I did a run of 3 racks of baby back ribs for my sister's birthday tonight. These turned out fantastic. I smoked them @ 225 -240 for 5hrs over B&B Oak lump and Best of the West 100% Mesquite lump and cherry wood chunks. Rack 1, see the toothpicks, was rubbed with Bad Byron's Butt rub and Weber Spicy Cocoa rub. Rack 2 was again rubbed with Bad Byron's and Fire & Smoke Society Pork Perfect. Rack 3 was different, it was rubbed with Fresh Jax Ghost Pepper Sea Salt, Frank's Red Hot Buffalo Ranch, and Fire & Smoke Society Wicked Wynona. Far and away rack 3 was the favorite. Those are gone, the other 2 also turned out awesome, I really can't pick a winner between those 2. I finished them with a 50/50 Duke's Hickory Moonshine sauce and Cranberry Grape juice. I definitely recommend using some juice to cut your sauce when basting. I might do a cut shot later everyone was hungry and tired of waiting for me to finish cutting. Smoke ring was on point.
Waiting, waiting, waiting for the Kamado Big Joe to arrive. Nothing.
Welp, expecting friends from out of town this weekend and can wait no longer. So, I picked up a Weber Summit Charcoal grill (kamado style) along with a Pit Viper fan. Once the Big Joe arrives I'll have two Kamados!
Anyhow, I tried the new Fireboard 2 Drive on this grill along with a Pit Viper fan for a hot smoked pork belly session.
I was in a bit of a rush to get things going so I used the fan to stoke the coals up to temperature with a target of 225F. With the Weber bottom vent fully closed and the top vent 1/4 open, the temperature initially overshot about 15 degrees. I brought the temperature down by opening the lid briefly when adding the belly and to make other adjustments (the dips in the graph).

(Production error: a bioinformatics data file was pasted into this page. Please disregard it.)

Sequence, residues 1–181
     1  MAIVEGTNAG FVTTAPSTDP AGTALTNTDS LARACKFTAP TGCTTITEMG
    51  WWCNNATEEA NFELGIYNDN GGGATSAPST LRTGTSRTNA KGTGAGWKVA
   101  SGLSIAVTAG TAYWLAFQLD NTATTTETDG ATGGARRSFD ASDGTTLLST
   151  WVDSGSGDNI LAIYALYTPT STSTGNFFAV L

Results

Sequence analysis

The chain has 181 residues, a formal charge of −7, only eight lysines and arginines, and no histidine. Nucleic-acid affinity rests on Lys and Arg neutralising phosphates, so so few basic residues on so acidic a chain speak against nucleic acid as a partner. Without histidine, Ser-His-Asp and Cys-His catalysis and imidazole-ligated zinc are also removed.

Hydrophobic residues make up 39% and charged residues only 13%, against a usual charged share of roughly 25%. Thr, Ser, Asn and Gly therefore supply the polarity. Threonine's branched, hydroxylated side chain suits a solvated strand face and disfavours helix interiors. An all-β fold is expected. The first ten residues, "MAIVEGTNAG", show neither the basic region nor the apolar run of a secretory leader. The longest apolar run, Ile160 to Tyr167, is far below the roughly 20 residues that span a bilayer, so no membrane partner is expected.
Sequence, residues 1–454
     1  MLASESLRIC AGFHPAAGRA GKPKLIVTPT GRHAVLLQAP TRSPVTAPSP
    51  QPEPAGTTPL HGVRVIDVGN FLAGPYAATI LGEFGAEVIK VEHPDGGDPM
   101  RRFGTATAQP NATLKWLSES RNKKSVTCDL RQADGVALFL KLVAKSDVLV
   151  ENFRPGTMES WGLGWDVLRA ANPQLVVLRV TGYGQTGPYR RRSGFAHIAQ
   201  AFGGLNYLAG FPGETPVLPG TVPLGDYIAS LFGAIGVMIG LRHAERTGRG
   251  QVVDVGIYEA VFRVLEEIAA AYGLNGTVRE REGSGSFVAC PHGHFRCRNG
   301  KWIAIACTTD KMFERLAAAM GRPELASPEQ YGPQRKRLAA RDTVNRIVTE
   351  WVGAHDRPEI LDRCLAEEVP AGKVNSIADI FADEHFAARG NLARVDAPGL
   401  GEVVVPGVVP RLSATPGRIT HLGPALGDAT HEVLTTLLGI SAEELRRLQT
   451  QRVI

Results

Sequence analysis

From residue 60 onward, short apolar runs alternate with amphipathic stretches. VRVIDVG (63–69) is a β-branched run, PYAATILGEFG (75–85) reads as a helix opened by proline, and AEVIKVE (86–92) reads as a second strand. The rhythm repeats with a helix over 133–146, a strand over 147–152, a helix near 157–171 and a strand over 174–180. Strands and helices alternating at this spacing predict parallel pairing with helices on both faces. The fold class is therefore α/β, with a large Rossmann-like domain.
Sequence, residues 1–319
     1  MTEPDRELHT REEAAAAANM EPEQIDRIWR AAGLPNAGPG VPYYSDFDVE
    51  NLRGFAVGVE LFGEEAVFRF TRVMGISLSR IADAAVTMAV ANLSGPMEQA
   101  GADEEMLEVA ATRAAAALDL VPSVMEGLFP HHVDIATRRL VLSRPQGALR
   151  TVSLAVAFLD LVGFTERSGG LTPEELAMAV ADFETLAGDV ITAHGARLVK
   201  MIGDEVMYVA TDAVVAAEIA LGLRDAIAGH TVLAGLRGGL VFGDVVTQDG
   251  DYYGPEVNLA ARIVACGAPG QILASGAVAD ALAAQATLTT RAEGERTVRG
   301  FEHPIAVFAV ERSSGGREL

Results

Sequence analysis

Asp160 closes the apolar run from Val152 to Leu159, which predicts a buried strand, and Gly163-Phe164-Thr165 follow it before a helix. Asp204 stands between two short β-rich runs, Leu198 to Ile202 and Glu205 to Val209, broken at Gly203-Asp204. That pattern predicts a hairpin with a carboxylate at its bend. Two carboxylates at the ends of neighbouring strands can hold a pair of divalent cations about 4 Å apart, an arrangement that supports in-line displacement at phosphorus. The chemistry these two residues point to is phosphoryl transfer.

Once things were settled in, though, the temperature was regulated on the order of tenths of a degree around the 225F target . That's pretty awesome.
Sitting at the computer typing emails and monitoring the temperatures on a browser. With the Fireboard 2 Drive and the kamado, this set-up has better performance and regulation than our kitchen oven.
Forgive me if this has been asked before; I tried to search this, but couldn't come up with anything. Anywho, gonna smoke some ribs tomorrow. Got one rack of baby backs, and two racks of spares to smoke tomorrow. I'd like them to finish around the same time. Is there a general thought regarding difference in cooking time? Thanks!
Cooking my first brisket on the KJ Classic 2 and had a lot of trouble with thick white smoke. My process below, if anybody can help me find the mistake it would be much appreciated!
- Loaded KJ with Jealous Devil lump charcoal and mix ~5-7 oak log chunks of medium (?) size. Logs were highly likely kiln dried but I did get them in firewood-like logs from a meat market vs the mass distro grocery store/home improvement bags
- Used Royal Oak starters and got the lump lit for about 15 minutes, then a couple of the oak chunks caught and I got a decent fire.
- Closed the top but opened the vent fully to try to let it smoke out and carbonize. Temp jumped pretty quickly to about 350 so I choked it back and got it stable around 260 but the thick white smoke continued for a solid 45+ minutes at which point I had no choice but to start the meat
- White smoke continued for another hour+ after this, albeit it didnt billow out quite as aggressively. This went on for a couple of hours at least which seemed like an excessively long time.